For most people, once they find out their loved one has been arrested, they are very concerned. Specifically, they want to get them out as soon as possible since being in jail can be a very unpleasant situation.
In most cases, you can bail your loved one out without problem. After all, an estimated 95% of arrested individuals are eligible to be released via a bail bond in CT. However, there are situations where a defendant is denied bail and must stay under arrest until the time of their trial.
While the judge will always consider the unique circumstances of each case, here are the top 5 reasons why a person could be denied bail.
They Are a Flight Risk
If a defendant has a history of not appearing to their court dates in the past, the judge has little reason to believe that the current time will be an exception.
Likewise, if the defendant has a belligerent attitude or the judge has reason to believe that the defendant won’t go to their court hearings, they may feel that the individual is likely to run away and will deny bail.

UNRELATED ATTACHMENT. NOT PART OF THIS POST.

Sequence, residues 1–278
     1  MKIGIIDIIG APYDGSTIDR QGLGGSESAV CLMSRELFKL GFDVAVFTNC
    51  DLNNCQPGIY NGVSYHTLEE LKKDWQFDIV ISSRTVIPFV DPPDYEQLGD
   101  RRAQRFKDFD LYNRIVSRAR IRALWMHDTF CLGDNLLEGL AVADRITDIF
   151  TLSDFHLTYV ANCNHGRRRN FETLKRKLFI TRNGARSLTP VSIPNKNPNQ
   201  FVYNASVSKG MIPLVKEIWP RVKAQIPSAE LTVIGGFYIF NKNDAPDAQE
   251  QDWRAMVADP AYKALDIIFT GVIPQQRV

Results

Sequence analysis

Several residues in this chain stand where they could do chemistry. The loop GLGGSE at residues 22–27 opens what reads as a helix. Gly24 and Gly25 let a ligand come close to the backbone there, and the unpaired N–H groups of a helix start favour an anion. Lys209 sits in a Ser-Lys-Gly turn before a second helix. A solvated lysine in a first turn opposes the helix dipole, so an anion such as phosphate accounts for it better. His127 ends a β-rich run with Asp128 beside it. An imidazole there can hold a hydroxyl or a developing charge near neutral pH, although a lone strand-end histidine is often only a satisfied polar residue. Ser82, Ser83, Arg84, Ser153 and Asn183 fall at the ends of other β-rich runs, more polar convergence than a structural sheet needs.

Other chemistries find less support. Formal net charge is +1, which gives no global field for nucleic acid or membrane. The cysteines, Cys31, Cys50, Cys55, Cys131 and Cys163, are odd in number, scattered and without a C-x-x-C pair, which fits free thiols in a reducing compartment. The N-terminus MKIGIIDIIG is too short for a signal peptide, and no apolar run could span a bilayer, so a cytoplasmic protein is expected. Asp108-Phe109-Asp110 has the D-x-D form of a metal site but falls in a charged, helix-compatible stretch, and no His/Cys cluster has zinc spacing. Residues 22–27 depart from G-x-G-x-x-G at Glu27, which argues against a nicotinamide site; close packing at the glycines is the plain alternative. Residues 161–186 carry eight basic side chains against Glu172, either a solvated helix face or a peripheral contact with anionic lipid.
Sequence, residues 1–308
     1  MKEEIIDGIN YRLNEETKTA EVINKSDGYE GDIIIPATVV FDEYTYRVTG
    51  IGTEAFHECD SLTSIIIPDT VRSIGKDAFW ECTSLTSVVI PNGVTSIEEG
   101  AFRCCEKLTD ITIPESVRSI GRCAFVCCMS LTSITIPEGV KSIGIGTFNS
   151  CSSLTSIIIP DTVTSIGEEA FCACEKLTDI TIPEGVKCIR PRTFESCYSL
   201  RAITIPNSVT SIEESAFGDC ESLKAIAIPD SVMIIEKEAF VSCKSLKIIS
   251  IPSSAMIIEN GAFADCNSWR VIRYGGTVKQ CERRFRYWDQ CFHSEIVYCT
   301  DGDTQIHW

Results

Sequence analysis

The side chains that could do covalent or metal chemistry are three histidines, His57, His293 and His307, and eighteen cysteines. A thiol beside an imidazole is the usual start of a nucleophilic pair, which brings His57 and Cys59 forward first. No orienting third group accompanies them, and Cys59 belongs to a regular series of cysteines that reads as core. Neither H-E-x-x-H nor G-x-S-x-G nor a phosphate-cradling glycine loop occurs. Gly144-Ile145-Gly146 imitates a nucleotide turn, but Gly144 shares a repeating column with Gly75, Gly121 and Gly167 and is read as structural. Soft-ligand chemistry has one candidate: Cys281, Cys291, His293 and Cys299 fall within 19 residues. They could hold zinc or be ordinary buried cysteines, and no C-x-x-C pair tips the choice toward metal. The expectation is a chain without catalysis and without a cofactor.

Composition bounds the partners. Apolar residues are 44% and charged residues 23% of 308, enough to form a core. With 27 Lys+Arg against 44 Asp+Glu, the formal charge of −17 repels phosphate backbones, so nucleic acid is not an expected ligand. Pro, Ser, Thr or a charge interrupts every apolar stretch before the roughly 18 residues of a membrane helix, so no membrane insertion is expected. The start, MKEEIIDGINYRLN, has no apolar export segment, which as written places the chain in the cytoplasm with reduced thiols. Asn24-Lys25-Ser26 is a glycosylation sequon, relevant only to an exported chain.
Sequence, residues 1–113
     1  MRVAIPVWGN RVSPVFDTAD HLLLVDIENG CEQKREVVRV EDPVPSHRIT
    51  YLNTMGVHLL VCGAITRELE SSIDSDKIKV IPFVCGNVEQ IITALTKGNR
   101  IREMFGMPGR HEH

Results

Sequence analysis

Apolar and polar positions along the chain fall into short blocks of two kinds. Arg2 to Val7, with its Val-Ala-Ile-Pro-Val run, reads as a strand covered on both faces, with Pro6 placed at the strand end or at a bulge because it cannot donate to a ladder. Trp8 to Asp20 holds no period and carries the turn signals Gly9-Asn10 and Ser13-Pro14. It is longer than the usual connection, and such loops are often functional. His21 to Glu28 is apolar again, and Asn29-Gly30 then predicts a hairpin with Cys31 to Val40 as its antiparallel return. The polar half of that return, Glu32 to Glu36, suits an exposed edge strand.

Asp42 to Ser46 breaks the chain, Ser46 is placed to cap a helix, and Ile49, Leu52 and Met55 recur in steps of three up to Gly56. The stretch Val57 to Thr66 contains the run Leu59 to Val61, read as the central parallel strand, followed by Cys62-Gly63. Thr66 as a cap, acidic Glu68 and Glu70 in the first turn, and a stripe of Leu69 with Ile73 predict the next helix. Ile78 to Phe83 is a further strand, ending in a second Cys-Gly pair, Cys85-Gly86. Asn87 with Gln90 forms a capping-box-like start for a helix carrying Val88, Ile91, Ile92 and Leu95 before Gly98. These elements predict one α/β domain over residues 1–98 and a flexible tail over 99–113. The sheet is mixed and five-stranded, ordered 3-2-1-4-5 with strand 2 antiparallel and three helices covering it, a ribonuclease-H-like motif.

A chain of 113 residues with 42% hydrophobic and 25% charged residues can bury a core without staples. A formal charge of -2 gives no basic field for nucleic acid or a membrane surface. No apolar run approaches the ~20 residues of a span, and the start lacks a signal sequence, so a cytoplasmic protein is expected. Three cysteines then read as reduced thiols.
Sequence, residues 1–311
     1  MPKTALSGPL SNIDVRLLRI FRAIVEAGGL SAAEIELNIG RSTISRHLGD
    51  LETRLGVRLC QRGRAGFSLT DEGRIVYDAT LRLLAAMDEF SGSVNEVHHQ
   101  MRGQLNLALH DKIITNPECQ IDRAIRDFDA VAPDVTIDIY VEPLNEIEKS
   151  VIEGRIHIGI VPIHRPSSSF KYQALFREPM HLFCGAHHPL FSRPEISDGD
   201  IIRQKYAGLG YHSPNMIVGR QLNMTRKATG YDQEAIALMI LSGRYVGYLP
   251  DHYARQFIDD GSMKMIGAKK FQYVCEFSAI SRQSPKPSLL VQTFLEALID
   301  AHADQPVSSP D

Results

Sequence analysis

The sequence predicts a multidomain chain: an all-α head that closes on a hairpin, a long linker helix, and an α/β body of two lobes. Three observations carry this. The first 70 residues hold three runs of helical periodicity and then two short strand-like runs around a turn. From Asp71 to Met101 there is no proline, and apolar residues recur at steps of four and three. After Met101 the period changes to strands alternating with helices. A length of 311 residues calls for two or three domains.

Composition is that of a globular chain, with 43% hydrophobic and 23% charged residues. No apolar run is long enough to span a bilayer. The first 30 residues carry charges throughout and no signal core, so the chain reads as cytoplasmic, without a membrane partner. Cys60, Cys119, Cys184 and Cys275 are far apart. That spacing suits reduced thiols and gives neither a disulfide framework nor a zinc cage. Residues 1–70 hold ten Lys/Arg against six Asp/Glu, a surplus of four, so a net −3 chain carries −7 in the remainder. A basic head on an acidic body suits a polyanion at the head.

They Are Accused of a Severe Crime
For federal level crimes like murder or espionage, the defendant is likely to either have an extremely high bail or their bail denied outright.
This is because they may be facing the death penalty. As a result, individuals accused of severe crimes are much more motivated to skip court and flee if they were to be released.
They Were Out On Probation or Parole
Courts have little sympathy for individuals who are repeat offenders. After all, they were allowed back into society on probation or parole and then chose to commit another crime. This is especially true if the defendant was under supervision or released into someone else’s custody.
Since the individual decided to misuse their freedom, the judge is likely to keep them in jail by issuing a no-bail hold. This happens all the time with our New Haven bail bonds clients.
They Are Not a US Citizen
If a non-US citizen commits a crime, many times the court will take that individual’s immigration status into consideration. This is because no matter what type of crime they are accused of, that individual is more likely to skip out and return to their home country rather than appear for their court hearings.
In addition, if the court believes that the arrested individual is in the United States without the necessary documentation, they might have an ICE (Immigration and Customs Enforcement) hold placed on them.
They Pose a Threat to the Public
Lastly, judges must consider the potential consequences of allowing bail and what might happen if the individual is released. They are likely to deny bail if they believe the defendant will be dangerous if not kept locked up.
Especially if the individual has been accused of a violent crime, the court views them as much more likely to harm victims, witnesses, or members of the general public when out on bail.